/ Money

State pension shake-up: the not-so-golden years?

A gold egg in the grass

Today, the government announced the state pension will be simplified, with retirees from 2017 receiving a flat rate of up to £144 in today’s money. Do you think these proposals could affect your retirement plans?

So what will £144 look like by 2017? With likely inflation taken into account, this should come to around £162 by the time the flat-rate pension is introduced.

At the moment, the full weekly state pension for a single person is £107.45. But this can also be topped up if you factor in pension credits and the state second pension – both of which will be scrapped under the new rules. But if you want to know how to calculate the state pension you’ll receive when you hit retirement age, it’s quite a convoluted process.

The winners and losers

The government’s new proposals will introduce a flat-rate state pension: one amount that’ll apply to everyone who meets the criteria. To receive the full amount after 2017, you will need to have clocked up 35 years of National Insurance contributions – up from 30 years in the current system. The minimum weekly pension, based on 10 years of contributions, will be £41. As it stands, current pensioners will not be affected.

As you’d expect, these proposals will benefit some more than others. In fact, some retirees could end up worse off. However, the pensions system is so complex that simplification is still a worthy aim.

When I think about my own retirement plans, it’s hard to imagine things won’t change again before 2052. We could realistically have eight different governments between now and then: that’s an awful lot of potential tinkering with the system.

The not-so-golden years?

With an ageing population, pensions will increasingly cost more for taxpayers – who’s to say the state pension will be as we know it in 40 years time? For me, the priority is to make a regular contribution to my company pension, in order to supplement whatever I may or may not get from the state when I do retire.

Will the government’s proposals impact your retirement plans? Do you have any alternative plans in place to help you through your golden years?

Comments
Guest
Steamdrivenandy says:
14 January 2013

As it happens I received confirmation of my State pension weekly amount this very morning. £115.42 payable from 11th January. Not sure why the 11th when I turned 65 on the 6th Jan, but doubtless there’s some convoluted bureaucratic reason.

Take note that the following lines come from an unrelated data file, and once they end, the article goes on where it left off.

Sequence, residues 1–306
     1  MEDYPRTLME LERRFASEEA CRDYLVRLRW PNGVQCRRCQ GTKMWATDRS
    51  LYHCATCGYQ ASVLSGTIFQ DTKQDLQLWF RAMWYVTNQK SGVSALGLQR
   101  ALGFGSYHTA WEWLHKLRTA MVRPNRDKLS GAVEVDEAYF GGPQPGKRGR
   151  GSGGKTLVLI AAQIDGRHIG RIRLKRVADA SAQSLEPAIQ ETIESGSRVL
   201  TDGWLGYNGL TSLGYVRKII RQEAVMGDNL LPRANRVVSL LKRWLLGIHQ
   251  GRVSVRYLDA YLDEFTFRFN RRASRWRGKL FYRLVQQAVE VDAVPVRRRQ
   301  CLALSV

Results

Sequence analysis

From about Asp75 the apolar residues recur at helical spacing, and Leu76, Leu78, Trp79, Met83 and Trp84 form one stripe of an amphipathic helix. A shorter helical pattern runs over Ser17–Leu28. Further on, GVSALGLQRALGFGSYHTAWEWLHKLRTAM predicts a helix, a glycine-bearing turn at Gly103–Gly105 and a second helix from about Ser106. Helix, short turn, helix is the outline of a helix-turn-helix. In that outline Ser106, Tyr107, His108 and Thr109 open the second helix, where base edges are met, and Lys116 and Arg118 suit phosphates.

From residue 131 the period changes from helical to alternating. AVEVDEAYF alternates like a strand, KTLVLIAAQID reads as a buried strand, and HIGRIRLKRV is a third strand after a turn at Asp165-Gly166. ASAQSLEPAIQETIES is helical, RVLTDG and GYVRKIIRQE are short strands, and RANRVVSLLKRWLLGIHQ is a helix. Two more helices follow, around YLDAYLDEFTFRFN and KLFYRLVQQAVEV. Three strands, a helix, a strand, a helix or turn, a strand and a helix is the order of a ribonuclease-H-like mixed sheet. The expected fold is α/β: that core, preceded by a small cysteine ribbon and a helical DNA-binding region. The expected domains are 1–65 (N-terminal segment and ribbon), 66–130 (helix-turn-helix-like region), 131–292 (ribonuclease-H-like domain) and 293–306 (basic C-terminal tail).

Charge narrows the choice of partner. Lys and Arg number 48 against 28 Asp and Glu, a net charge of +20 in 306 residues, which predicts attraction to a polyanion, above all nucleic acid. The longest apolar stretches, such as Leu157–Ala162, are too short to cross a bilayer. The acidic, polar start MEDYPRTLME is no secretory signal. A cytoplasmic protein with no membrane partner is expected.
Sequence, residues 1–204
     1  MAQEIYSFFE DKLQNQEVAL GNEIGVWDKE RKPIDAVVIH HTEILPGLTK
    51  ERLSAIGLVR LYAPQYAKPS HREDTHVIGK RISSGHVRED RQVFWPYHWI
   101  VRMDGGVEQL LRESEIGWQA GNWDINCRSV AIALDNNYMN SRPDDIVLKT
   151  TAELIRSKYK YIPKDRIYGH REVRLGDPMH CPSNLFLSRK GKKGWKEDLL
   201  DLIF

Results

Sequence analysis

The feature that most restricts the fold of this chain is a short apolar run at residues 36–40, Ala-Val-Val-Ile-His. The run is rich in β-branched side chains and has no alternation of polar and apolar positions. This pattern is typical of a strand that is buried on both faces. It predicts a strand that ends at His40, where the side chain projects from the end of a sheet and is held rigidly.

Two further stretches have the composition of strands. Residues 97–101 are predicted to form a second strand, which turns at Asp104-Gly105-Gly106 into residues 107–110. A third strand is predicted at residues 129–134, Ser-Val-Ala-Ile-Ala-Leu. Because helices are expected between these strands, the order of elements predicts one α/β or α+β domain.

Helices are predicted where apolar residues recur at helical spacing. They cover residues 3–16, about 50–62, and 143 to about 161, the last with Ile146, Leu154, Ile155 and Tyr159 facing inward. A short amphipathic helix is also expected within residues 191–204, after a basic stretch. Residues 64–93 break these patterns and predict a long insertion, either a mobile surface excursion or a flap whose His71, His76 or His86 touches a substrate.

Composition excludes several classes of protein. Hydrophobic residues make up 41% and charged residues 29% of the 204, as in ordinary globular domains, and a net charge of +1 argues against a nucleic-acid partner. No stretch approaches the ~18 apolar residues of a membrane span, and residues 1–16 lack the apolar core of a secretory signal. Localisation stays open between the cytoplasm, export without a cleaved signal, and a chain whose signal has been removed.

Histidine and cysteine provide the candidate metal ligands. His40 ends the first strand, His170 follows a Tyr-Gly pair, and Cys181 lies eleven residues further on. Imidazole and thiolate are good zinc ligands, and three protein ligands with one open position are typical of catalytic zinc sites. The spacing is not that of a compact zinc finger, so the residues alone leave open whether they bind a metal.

So I get £115.42 index linked to 2017 and someone who retires in 2017 gets £144 index linked from now. That makes a 2017 retiree nearly £1500 a year better off than myself at todays values. That’s almost 25% more for no apparent reason. Gee thanks Mr Cameron. Am I the only one who feels robbed and ignored?

Guest

you are certainly not the only one — see my post.

Guest
David Barnard says:
18 January 2013

To answer your comment regarding the date of payment of your state pension. The ‘Pay Day’ for payment of state pension is determined by the last two numerical digits of your National Insurance Number. 00-19 (Monday) 20-39 (Tuesday) 40-59 (Wednesday) 60-79 (Thursday) and 80-99 (Friday).

Guest
Steamdrivenandy says:
18 January 2013

But why in these days of computer systems do they even have to bother robbing 6 out of 7 pensioners of up to 6 days of their first pension payment? Surely these days they could do it more equitably or are they still on quill pens and ledgers?

Guest
Eileen says:
19 January 2013

Just don’t vote for Cameron next time

Guest
Steamdrivenandy says:
19 January 2013

Not wishing to get into a political debate here Eileen, the principle of simplifying the pension system so that people know exactly what they are getting decades in advance and it doesn’t depend on qualifying years and myriad little other bits and pieces has got to be right. As I said earlier I got my actual pension notification letter just the other day and it’s gobbldygook and trying to understand all the little add on figures is mind numbing.
However I’d like to understand why the £144 is so much more than the standard amount current pensioners are getting and why they are going to be left on smaller existing amounts when the 2017 rates come into force. That’s not been explained at all and seems unfair.
As an aside I’d also like to understand why I lose 5 days of my initial pension payment when another person born on the same day gets payment from their 65th birthday just because their NI number is a few digits different. It’s only £75 or so but it seems like legalised mugging.

Guest
Eileen says:
22 January 2013

Agree with you,so unfair but what do you expect from this government.Just don’t vote for him

Guest
joyce says:
30 November 2014

If under amount it is topped up by pension credit so someone on£114 and someone on £144 will still end up with same amount i get roughly £160 a week at present with pension credit.worked most of my life so 90% of my pension i earnt small pension credif.even if only 50p pension credit it automaticaly entitles you to loads more help.
The only difference is what your pension is if you work you still have this but lose pension credit and it is included in your taxable income.
Forgot to add get housing and council tax benefit as well so dont worry.
What i find stupid is could have paid the 60p a week married persons ins instead paid £1000,s in Ni but still end up with same amount only difference i get to keep it if work but then taxed on it.

Guest

Thank you Joyce, that’s really helpful.